2. It is proper to always use two chopsticks at once, even when using them for stirring.

3. One should not pick up food from the table and place it directly in the mouth. Food must be placed in your own bowl first.

4. Chopsticks should not be placed in the mouth while choosing food.

5. Chopsticks should never be placed in a "V" shape when done eating, it is interpreted as a bad omen. &

Thursday, October 8, 2009

Ho Chi Minh City (Sai Gon) - The Biggest City In Vietnam

Ho Chi Minh City, commonly known as Sai Gon or by the abbreviations HCMC or HCM, is the biggest city in Vietnam. Under the name Sai Gon, it was the capital of the French colony of Cochinchina and later of the Republic Of Vietnam (South Vietnam) from 1954 to 1975. In 1976, Sai Gon merged with the surrounding province of Gia Dinh and was officially renamed Ho Chi Minh City. However, the name Sai Gon - formally known as District 1 - is still used commonly.

Today, the city's core is still adorned with wide elegant boulevards and historic French colonial buildings. The most prominent structures in the city center are Reunification Palace, City Hall, Municipal Theatre, City Post Office, State Bank Office, City People's Court and Notre-Dame Cathedral. Some of the historic hotels are the Hotel Majestic, dating from the French colonial era, and the Rex Hotel, Caravelle Hotel some former hangouts for American officers and war correspondents in the 1960s and 1970s.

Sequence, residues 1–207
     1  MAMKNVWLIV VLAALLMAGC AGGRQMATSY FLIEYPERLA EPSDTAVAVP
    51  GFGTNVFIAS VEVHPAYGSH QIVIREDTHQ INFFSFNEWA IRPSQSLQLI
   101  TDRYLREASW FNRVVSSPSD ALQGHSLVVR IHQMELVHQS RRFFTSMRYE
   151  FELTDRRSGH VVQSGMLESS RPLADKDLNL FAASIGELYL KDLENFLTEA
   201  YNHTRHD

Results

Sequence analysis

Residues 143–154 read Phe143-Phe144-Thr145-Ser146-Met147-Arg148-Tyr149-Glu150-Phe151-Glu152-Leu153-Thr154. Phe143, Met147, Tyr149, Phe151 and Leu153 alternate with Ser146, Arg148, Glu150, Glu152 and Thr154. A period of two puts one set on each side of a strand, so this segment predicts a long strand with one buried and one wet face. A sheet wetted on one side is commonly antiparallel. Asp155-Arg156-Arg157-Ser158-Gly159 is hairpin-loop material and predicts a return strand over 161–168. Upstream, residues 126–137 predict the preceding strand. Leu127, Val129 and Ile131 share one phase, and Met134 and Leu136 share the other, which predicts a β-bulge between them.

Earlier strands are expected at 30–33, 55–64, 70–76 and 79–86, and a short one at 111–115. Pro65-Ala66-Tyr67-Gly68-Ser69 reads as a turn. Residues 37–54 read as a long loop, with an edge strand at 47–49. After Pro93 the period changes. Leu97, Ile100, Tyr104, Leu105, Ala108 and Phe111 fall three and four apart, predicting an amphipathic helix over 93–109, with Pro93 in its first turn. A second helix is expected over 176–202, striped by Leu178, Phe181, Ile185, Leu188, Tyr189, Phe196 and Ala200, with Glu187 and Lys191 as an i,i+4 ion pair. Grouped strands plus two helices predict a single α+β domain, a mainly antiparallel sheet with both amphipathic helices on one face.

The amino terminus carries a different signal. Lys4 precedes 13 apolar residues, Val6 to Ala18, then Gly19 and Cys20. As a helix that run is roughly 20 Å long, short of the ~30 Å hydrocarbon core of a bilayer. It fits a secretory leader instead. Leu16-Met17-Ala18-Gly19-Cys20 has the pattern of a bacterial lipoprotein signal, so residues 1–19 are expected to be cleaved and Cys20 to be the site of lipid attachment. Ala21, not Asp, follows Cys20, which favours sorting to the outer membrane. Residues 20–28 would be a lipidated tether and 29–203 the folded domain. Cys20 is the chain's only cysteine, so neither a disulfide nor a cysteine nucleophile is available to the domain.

With a big population now, Ho Chi Minh City is in need of vast increase in public infrastructure. To meet this need, the city and central governments have embarked on an effort to develop new urban centers.

Ho Chi Minh City is the most important economic center in Vietnam as it accounts for a high proportion of Vietnam's economy. Ho Chi Minh City plays an important driving impetus of economy of Vietnam.

The economy of Ho Chi Minh City covers different fields, from mining, seafood processing, agriculture, construction to tourism, finance, industry, trading. The consumption demand of Ho Chi Minh City is much higher than other provinces and municipalities of Vietnam, 1.5 times higher than that of Ha Noi.

About 300,000 businesses, including many large enterprises, are involved in high-tech, electronic, processing and light industries, also in construction, building materials and agro-products. Also crude oil is a popular economic base in Ho Chi Minh City. Investors are still pouring money into the city.

There are 171 medium and large scale markets, several supermarket chains, shopping malls, fashion, and beauty centers. Additional malls and shopping plazas are being developed within the city. Over 50 banks with hundreds of branches and about 20 insurance companies are also located inside the city. The first stock exchange in Vietnam was opened in the city in 2001.

Ho Chi Minh City is home to hundreds of cinemas and theatres, with cinema and dramatic ticketing revenue accounts for 60-70% of Vietnam’s total revenue in this industry. Unlike other dramatic teams in Vietnam’s provinces and municipalities, those in Ho Chi Minh City live on their own income and keep their theaters active everyday, and are not subsidized by the Vietnamese government. The city is home to most of the private movie companies in Vietnam.
Related Posts with Thumbnails